“But there isn’t and the big difference is the (lack of) bike infrastructure in those neighboring countries. “
    Again, what countries?

    “So to say that America has less biking because we have different policies is simply not accurate because even countries with similar policies have less biking.”

    No but it is. We have cheap energy, development that is very pro-automobile, low density development, large trip times, and a culture accepting of all of this. On top of that bicycles are considered by a large part of the population as toys or as devices that need special snowflake infrastructure instead of the vehicular tights each state grants them. You facilities people make things worse for everybody. You make the mythical “cars vs bikes” war worse and you further promote the idea bicycle riders cannot ride as a part of traffic. This is mostly due to the fear of being hit from behind which is incredibly rare. Besides solo crashes, most collisions between cars and bicycles occur at intersections. The bicycle facilities you all promote do not protect from these potential collisions.

    “Also, the density argument is meaningless and anyone making it has almost certainly never actually been to The NLs.“

    Arguing differences in density is meaningless because you think I’ve never been to NL? Lol.

    “Ignoring the fact that there are hundreds of American communities that are denser than Dutch ones and that the average trip distance here is around three miles, the Dutch province with the highest cycling modal share is one with one of the lowest population densities.”

    Citations seriously needed. But wait, you’ve never been to these hundreds of American communities with greater density or to that one province in NL so your argument is invalid. See how that works?

    “It’s also the province with some of the best infrastructure.”

    Define best. Never mind please don’t.

  • dr2chase

    Said differences were addressed by Marven Norman; those other conditions hold all over Europe more or less. Have you noticed that cycling ride shares in the US have recently increased in cities where more attention has been paid (some of it with skill, some without) to cycling facilities? E.g. http://bikeleague.org/commutingdata All this, without ultra-high Euro gas prices, etc, etc.

    At this point it really sounds like excuse-making to me. Consider that I was once a believer, and I changed my mind. I may have thought about this a little bit, and I did a fair amount of research; I don’t want to waste my time promoting something that won’t work, so I don’t want to promote infrastructure if it won’t work, and I don’t want to promote infrastructure where it won’t work. It would work in Boston and the ring of towns and cities around it where the density is high enough, the hills not (usually) too terrible, and the traffic/parking sufficiently terrible that driving is stressful and annoying.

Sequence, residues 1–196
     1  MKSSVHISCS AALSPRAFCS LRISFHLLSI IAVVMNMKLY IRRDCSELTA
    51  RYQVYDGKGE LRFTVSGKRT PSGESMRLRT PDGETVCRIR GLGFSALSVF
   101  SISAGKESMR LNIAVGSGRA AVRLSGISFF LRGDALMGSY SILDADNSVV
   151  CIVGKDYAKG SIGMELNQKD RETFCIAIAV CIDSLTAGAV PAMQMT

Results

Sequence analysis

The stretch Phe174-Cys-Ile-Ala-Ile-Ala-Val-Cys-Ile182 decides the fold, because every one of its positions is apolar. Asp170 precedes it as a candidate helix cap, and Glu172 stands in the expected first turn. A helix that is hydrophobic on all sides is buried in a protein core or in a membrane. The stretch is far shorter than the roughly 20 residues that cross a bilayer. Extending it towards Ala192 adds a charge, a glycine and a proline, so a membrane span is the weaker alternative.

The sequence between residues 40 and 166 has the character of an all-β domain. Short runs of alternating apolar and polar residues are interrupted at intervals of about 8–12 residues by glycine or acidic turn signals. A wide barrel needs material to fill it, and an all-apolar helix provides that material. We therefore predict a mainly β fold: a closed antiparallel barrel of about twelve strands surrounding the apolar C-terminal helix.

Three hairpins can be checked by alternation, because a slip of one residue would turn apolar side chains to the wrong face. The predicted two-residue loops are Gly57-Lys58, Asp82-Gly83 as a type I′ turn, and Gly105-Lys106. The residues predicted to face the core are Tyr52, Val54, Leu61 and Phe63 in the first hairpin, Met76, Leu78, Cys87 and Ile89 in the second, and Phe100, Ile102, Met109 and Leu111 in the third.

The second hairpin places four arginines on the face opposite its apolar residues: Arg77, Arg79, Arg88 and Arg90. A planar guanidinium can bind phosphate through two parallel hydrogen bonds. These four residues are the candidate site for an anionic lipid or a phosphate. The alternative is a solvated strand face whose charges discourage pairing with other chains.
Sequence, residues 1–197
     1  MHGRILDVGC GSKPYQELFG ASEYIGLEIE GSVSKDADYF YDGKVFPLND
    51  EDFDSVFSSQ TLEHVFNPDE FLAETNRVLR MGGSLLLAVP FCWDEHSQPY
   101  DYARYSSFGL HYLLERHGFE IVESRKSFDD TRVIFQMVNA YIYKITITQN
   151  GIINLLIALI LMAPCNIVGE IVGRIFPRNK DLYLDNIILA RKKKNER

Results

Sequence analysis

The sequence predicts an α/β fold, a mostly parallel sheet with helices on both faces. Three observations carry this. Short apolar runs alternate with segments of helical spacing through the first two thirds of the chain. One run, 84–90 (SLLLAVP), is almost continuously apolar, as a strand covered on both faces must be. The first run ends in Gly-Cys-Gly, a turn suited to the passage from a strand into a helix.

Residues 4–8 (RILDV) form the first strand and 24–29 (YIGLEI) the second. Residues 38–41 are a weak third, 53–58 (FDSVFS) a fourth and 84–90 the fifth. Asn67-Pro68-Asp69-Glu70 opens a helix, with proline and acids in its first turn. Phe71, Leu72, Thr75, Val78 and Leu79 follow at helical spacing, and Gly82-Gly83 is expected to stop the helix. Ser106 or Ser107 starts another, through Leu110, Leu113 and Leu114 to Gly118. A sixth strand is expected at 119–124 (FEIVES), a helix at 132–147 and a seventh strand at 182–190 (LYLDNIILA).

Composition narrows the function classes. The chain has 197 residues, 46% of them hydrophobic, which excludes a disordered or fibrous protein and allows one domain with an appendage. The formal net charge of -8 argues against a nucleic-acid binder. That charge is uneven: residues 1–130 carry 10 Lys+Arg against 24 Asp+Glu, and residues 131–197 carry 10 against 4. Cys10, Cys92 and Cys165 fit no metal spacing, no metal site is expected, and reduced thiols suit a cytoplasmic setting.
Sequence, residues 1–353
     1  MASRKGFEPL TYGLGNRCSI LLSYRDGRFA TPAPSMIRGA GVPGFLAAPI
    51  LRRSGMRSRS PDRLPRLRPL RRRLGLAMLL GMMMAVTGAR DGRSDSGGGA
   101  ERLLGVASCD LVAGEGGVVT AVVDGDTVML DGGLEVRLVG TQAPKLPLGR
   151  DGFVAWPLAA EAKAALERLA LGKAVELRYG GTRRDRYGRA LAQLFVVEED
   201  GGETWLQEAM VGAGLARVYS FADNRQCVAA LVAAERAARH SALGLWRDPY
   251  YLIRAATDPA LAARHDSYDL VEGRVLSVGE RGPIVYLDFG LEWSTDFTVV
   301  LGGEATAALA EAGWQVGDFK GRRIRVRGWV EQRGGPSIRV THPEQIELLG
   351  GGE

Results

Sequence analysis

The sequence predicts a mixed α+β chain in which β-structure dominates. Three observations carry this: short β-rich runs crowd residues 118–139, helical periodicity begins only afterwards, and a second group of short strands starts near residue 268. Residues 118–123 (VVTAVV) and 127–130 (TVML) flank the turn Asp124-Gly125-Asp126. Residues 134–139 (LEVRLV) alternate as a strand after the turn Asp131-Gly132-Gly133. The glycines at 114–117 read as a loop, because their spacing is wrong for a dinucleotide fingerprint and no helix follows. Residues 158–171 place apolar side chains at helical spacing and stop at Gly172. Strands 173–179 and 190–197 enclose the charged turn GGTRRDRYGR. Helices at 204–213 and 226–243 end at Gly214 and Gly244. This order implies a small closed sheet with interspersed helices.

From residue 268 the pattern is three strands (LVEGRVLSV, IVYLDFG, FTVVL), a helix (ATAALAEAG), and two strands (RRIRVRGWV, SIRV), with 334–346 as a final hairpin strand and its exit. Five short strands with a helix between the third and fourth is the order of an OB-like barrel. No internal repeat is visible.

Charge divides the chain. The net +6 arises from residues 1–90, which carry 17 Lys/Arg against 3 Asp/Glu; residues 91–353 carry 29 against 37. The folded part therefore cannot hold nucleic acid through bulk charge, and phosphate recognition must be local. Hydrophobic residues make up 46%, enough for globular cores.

• Cyclist’s Rights

    Most people do not understand bicyclists are granted the same rights and duties as drivers of vehicles in all 50 states. Bikes are toys, the roads are for cars, yada yada. When they see a city is spending money and creating cycling facilities they view it as something for them when in all reality they’ve been able to legally and safely ride a bike on those roads all along.

  • Cyclist’s Rights

    Biased reporting? It’s a blog about bike law. It explains the practical and safety reasons for riding two abreast. You should re-read it.

    As for the example of the truck, it’s pretty simple. The driver either did not estimate the true time it would take to pass that long line of single file riding cyclists or did not have adequate sight distance to see oncoming traffic or a combination of both. As a result the driver was in the middle of completing the pass, saw an oncoming motorist and swerved back into the lane with the cyclists. If the cyclist weee two abreast the line would be shorter.

    This although it’s for countries that drive on the left is a good graphical representation of what I’m talking about

    https://www.cyclechat.net/attachments/bqwrvjicqaaobc_-jpg.306076/

  • dr2chase

    Notice that you’re explaining why infrastructure works and why VC didn’t. “But-but-but, it’s working for the wrong reasons” (I agree) but it works.

  • disqus_1pvtRUVrlr

    Define “wide”. For a lane to be considered wide enough for both a car and bike to safely and legally operate (within it), it needs to be 14′ per the MUTCD (and based upon AASHTO’s operating envelope for a bicycle). If someone rides as a gutter bunny, then you can drop that down to about 13′ (assuming the 3′ passing law is in place). But 14′ lanes are NOT common. I’m a transportation planner. Even in suburbia you rarely find a lane 14′ wide, or even 13′ lanes.

  • Joe R.

    I’ve been riding VC for decades even though I didn’t realize it. Acting like a car was a simple survival tactic. And that’s really all VC is. It’s a survival tactic for those who are going to ride a bike anyway. It’s not a way to get more people riding. That’s why it failed to increase the number of riders, whereas good infrastructure did.

    Even many hard-core VCs are coming around to infrastructure at this point. The fact people like me can and do cope with motor traffic doesn’t mean we enjoy doing it. Given a choice, I’d much rather ride somewhere free of cars, pedestrians, and especially traffic signals and stop signs. It’s much less stressful. The key here is to make bicycle infrastructure which is usable for cyclists of all ages and abilities. I want to get more people riding but by the same token I don’t want bicycle facilities which are glorified sidewalks where it’s unsafe to go more than 10 mph. Good infrastructures lets cyclist who go 20 or 25 mph coexist with those who might only feel like going 8 or 10 mph.